Defense Secretary Donald Rumsfeld says he has made no decision yet to allow U.S. military advisors to take a more active role in anti-terrorist operations in the southern Philippines.
Pentagon sources say the new commander of U.S. forces in the Pacific favors a plan to let U.S. military advisors go out on patrol with Philippine units pursuing Muslim rebels.
But Defense Secretary Donald Rumsfeld says he has not yet discussed the proposal with the commander, Admiral Thomas Fargo, and he makes clear no decision has yet been made to go ahead with the idea.
"I have not decided on that," said Mr. Rumsfeld. "I am waiting for the new combatant commander in the region to make his recommendations to me. I think it is scheduled for sometime later this week or next week."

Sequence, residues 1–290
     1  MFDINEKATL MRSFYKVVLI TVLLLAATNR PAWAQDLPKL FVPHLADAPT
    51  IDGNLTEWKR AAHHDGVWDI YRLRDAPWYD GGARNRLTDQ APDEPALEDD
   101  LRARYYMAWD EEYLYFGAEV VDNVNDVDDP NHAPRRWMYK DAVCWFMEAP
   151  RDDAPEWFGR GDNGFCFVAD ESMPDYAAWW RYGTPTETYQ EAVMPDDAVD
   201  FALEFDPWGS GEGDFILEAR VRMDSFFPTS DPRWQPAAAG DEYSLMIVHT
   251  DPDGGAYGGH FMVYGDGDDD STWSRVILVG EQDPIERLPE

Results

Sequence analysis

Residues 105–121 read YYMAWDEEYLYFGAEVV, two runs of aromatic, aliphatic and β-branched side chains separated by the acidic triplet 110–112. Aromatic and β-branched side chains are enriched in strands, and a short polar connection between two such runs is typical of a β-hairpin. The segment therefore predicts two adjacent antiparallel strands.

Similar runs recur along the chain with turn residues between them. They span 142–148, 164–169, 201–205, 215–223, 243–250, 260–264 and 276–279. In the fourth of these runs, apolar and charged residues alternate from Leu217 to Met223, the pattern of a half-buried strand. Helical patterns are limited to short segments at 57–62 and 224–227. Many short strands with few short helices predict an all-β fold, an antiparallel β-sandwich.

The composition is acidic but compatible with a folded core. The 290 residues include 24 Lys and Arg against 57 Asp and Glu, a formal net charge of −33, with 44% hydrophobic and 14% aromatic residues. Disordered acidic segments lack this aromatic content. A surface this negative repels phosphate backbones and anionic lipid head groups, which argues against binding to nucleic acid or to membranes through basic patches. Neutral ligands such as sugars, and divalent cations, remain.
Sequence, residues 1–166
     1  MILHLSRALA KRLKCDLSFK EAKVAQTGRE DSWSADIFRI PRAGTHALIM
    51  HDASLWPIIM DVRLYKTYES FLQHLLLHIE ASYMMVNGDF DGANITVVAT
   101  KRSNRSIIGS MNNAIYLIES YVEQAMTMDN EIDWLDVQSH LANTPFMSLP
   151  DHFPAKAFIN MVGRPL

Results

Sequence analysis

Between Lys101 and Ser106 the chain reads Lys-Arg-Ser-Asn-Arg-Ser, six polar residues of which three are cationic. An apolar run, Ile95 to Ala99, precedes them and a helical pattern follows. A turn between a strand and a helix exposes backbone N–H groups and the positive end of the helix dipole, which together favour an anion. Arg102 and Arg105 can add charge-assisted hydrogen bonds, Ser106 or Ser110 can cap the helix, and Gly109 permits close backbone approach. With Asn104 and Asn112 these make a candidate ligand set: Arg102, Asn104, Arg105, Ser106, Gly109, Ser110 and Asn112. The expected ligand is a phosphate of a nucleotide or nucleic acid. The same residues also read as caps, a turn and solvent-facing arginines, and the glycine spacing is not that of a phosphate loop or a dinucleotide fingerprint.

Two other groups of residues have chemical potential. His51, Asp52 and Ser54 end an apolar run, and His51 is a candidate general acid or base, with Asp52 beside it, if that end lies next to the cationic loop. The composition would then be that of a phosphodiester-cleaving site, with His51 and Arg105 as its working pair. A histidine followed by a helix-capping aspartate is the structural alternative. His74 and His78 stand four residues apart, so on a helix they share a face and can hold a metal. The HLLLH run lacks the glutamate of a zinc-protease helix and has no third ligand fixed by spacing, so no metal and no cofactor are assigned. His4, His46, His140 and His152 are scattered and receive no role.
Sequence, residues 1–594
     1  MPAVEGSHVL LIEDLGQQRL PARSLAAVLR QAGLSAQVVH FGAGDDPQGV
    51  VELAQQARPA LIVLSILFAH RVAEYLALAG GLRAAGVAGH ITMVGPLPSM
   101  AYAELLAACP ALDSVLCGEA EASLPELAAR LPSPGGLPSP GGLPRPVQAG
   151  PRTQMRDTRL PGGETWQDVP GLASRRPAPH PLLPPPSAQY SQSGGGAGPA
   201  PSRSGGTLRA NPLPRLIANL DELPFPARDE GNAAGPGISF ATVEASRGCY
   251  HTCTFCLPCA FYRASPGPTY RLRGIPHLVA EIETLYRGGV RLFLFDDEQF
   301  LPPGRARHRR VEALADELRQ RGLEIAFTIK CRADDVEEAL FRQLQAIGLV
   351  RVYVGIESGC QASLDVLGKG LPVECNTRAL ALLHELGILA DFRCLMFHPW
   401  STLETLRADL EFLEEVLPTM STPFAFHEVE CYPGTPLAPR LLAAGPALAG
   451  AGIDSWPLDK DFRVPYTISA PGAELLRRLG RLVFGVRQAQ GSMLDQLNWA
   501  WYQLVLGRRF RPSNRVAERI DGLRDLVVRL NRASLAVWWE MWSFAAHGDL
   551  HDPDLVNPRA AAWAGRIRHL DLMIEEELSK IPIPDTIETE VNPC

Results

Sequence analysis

There are now a total of about 1,200 U.S. troops in the Philippines, about 160 of them actual advisors on the rebels' southern island base of Basilan.
Currently they are restricted to conducting training at the battalion or headquarters level and do not go out on actual anti-terrorist patrols.
The rebels are holding two American hostages along with a Philippine nurse.
On Wednesday, the U.S. government offered a reward of up to $5 million for information leading to the capture of the top five leaders of the rebel group, Abu Sayyaf. The Bush administration has linked the group to the al-Qaida terrorist network.